Send to

Choose Destination
Biophys J. 2019 Sep 3;117(5):930-937. doi: 10.1016/j.bpj.2019.07.019. Epub 2019 Jul 19.

Temperature-Dependent Interactions Explain Normal and Inverted Solubility in a γD-Crystallin Mutant.

Author information

School of Biochemistry and Immunology, Trinity College Dublin, Dublin, Ireland.
Department of Chemistry, Maynooth University, Maynooth, Ireland.
Department of Chemistry, Duke University, Durham, North Carolina.
Department of Chemistry, Maynooth University, Maynooth, Ireland. Electronic address:


Protein crystal production is a major bottleneck in the structural characterization of proteins. To advance beyond large-scale screening, rational strategies for protein crystallization are crucial. Understanding how chemical anisotropy (or patchiness) of the protein surface, due to the variety of amino-acid side chains in contact with solvent, contributes to protein-protein contact formation in the crystal lattice is a major obstacle to predicting and optimizing crystallization. The relative scarcity of sophisticated theoretical models that include sufficient detail to link collective behavior, captured in protein phase diagrams, and molecular-level details, determined from high-resolution structural information, is a further barrier. Here, we present two crystal structures for the P23T + R36S mutant of γD-crystallin, each with opposite solubility behavior: one melts when heated, the other when cooled. When combined with the protein phase diagram and a tailored patchy particle model, we show that a single temperature-dependent interaction is sufficient to stabilize the inverted solubility crystal. This contact, at the P23T substitution site, relates to a genetic cataract and reveals at a molecular level the origin of the lowered and retrograde solubility of the protein. Our results show that the approach employed here may present a productive strategy for the rationalization of protein crystallization.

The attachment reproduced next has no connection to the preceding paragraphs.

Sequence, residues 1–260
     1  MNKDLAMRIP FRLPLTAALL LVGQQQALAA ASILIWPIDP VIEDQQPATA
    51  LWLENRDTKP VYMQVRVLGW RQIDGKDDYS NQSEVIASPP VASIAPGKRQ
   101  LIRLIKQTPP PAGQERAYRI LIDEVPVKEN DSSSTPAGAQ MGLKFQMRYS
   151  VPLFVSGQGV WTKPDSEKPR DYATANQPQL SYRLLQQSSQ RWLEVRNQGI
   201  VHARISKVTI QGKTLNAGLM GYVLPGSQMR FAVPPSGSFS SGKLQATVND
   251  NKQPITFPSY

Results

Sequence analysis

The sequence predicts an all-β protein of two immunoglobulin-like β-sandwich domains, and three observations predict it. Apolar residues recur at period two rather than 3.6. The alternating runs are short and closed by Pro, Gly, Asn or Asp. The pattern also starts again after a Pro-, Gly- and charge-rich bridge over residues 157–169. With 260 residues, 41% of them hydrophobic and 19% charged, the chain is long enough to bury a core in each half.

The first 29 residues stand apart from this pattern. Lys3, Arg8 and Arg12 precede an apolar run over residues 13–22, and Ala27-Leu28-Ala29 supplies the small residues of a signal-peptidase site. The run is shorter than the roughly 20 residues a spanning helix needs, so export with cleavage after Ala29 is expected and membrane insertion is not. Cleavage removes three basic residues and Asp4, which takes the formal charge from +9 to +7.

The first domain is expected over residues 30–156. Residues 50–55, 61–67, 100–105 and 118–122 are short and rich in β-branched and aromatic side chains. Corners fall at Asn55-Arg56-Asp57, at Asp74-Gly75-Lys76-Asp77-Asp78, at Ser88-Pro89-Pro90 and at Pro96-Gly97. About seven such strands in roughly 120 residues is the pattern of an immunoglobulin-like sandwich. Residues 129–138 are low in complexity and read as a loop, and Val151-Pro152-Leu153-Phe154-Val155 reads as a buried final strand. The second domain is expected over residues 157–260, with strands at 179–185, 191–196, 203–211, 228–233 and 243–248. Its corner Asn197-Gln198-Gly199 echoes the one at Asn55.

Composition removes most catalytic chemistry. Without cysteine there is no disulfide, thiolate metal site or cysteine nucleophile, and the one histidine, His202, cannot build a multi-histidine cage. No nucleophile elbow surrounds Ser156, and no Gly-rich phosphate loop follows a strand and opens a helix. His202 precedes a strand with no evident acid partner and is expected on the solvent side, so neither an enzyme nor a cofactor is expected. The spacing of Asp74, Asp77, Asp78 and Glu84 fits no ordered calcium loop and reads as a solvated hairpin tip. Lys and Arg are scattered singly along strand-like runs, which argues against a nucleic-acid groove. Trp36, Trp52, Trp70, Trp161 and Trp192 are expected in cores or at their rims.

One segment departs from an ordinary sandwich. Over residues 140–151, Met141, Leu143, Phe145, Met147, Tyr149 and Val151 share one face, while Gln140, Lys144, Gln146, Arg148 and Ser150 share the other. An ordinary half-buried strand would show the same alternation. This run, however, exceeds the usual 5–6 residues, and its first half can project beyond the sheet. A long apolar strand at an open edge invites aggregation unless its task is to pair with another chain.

[Available on 2020-09-03]

Supplemental Content

Full text links

Icon for Elsevier Science
Loading ...
Support Center